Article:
Thursday, September 10, 2020

Thomas Carnduff, 'Belfast' in 1942, and giving yourself room to critique

The photo below is of the home turf of Thomas Carnduff (1886–1956), Belfast's Sandy Row, as famously photographed by Bill Kirk in 1974 (see article on Culture Northern Ireland here). Two years after I was born this is how people there lived. Staunchly unionist, yet utterly neglected by what some would claim was 'their' state.

[An important recent Radio Ulster interview, with a 92 year old lady called Ruby and her son Paul, of the Fountain Estate working class unionist community's experiences in Londonderry in 1968 is similarly shocking and stereotype-shattering – link here

The handful of editions of The Bell that I acquired recently are full of content that is intriguing and stimulating. I have never got around to reading any Thomas Carnduff (1886–1956) until now, but this piece I have posted below is a rich vein of thought. It's 32 years before the photograph above. I'm not on-side with all of Carnduff's perspectives, but he has the guts to praise and stoutly defend aspects of life in Belfast, and also the wisdom to leave space to critique aspects of it too. Kirk's photographs show reason enough why. 

One of the difficulties around the forthcoming centenary/centennial of Northern Ireland and the Irish Free State is that the Ulster-Scots were, and are, on both sides of the line, and have never been unthinking supporters of any state wherever in the world they have travelled. As Carnduff hints here "one long chapter of municipal independence and disagreements with the lawful demands of the King's representatives" – centuries of experiences which have been mined in Scotland and forged in Ulster.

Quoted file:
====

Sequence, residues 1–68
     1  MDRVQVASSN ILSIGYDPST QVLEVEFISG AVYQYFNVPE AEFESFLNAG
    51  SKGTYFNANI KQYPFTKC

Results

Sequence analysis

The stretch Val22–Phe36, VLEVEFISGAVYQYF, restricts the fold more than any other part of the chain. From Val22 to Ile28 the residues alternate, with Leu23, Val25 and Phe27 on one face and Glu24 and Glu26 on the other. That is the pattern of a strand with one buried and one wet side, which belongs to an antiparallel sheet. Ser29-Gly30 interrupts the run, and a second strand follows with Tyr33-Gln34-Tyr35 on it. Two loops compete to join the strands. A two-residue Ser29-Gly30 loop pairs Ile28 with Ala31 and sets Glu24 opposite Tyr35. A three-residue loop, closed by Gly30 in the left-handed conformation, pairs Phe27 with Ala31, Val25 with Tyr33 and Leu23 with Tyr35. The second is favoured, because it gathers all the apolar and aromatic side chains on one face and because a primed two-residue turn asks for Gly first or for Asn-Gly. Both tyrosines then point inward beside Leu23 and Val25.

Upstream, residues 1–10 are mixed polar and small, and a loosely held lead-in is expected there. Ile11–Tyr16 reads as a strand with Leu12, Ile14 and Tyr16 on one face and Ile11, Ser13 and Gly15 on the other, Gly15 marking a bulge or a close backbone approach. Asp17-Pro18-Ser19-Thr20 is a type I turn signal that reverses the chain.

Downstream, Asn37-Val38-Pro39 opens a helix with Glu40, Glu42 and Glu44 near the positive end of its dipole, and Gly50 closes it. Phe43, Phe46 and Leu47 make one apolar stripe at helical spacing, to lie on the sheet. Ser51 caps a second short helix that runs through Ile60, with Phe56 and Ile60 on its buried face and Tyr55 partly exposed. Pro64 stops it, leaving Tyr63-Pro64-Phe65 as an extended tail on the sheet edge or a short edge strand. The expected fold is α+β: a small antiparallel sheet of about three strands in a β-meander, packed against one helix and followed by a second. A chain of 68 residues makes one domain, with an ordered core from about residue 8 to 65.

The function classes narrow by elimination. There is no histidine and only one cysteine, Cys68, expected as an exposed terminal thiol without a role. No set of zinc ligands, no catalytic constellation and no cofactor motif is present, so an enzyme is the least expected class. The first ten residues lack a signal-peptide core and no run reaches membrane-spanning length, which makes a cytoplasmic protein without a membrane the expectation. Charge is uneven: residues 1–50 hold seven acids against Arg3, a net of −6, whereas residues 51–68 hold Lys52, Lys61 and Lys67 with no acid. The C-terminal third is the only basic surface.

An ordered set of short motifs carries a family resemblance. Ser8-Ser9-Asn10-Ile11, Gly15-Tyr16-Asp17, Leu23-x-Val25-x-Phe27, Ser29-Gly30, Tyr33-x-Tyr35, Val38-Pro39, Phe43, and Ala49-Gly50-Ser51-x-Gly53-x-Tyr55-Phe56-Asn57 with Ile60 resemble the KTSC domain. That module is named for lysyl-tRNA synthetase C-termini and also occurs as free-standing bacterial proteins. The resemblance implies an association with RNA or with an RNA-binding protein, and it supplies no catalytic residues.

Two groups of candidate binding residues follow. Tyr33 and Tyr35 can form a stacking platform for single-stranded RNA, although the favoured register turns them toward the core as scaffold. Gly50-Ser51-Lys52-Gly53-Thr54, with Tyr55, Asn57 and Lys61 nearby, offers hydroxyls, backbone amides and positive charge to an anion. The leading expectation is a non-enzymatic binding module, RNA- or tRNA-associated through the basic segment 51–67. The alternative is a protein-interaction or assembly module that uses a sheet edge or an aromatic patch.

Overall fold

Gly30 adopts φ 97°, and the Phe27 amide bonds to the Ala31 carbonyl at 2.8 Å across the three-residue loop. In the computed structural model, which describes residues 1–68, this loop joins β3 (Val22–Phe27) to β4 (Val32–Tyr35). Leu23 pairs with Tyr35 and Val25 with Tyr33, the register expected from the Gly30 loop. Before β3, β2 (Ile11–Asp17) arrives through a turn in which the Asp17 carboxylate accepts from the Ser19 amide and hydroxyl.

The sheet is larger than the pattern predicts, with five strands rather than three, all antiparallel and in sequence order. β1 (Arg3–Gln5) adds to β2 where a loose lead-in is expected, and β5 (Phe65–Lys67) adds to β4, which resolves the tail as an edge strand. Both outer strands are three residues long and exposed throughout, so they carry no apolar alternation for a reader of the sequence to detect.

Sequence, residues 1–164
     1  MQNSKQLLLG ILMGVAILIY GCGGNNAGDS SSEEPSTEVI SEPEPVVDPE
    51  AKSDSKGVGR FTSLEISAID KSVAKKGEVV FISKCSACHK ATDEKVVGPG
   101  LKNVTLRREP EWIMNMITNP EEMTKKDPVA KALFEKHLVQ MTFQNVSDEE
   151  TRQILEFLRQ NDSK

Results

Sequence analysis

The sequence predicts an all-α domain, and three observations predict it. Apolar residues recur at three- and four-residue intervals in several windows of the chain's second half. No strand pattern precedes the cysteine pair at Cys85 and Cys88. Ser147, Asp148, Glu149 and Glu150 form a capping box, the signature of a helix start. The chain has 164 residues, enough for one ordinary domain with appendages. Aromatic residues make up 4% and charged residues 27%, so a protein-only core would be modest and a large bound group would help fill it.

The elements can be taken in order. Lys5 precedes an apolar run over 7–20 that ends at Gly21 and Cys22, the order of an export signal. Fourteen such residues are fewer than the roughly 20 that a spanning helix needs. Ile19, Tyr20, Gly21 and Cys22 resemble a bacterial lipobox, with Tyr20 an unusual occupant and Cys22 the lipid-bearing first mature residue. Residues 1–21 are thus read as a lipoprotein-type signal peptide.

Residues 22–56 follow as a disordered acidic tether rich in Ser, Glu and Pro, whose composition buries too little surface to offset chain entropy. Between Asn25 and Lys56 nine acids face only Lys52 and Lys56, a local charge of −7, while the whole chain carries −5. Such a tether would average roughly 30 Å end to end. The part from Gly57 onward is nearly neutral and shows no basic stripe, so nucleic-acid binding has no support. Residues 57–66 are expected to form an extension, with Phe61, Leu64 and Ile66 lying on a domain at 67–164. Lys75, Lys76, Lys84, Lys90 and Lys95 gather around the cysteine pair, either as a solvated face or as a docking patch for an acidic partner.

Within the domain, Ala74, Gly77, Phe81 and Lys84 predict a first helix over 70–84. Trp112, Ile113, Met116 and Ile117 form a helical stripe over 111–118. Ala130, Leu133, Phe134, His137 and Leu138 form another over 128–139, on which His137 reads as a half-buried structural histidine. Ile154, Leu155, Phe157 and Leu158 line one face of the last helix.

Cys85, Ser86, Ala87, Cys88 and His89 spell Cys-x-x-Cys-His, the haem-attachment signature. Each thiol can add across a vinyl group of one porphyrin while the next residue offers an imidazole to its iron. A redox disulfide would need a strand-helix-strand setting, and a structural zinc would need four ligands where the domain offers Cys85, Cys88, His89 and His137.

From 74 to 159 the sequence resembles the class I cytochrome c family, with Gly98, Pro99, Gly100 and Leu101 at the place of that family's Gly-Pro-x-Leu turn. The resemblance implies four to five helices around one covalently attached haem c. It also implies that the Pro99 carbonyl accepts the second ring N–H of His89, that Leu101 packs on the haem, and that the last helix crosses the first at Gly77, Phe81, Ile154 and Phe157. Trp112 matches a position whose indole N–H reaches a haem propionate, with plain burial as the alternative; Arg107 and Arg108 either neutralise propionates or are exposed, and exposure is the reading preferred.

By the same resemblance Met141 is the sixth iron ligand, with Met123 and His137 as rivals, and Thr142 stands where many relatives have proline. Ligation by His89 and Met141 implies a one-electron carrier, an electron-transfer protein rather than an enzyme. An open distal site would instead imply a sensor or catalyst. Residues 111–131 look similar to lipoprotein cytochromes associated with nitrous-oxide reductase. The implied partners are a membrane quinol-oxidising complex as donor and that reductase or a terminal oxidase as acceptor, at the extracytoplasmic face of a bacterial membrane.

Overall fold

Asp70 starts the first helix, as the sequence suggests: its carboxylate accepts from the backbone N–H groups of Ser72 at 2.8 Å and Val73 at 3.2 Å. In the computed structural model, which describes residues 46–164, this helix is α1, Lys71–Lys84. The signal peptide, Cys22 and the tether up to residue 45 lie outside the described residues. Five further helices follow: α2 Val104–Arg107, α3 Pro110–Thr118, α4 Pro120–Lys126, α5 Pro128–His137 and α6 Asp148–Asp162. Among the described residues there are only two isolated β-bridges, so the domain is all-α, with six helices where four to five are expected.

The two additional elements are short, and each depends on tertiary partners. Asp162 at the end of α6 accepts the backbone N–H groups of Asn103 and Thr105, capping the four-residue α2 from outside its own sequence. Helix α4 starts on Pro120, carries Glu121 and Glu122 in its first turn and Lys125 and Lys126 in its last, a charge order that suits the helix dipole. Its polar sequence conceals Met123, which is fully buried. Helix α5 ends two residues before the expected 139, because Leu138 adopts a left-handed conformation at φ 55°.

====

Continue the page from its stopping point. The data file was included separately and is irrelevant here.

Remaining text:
The marking of 2021 poses challenges which need to be thought through, within Northern Ireland and also for our neighbours within today's Republic of Ireland. Having spent some time over the years with the self-described "minority community" on the other side of our presently-soft border, their experiences need to be acknowledged. Those experiences tend to be swiftly glossed over by the establishment-endorsed narratives, but many of those folk will still speak today of "keeping our heads down". I am just an interested spectator and a visitor though, I have no family there. Those who do are key in finding the right and respectful approach. 

These are not the only perspectives that can be viewed for the centenary/centennial. And there aren't just "two sides" to be told – there are thousands, millions even, of stories.

Carnduff is interesting here. I need to read more of his.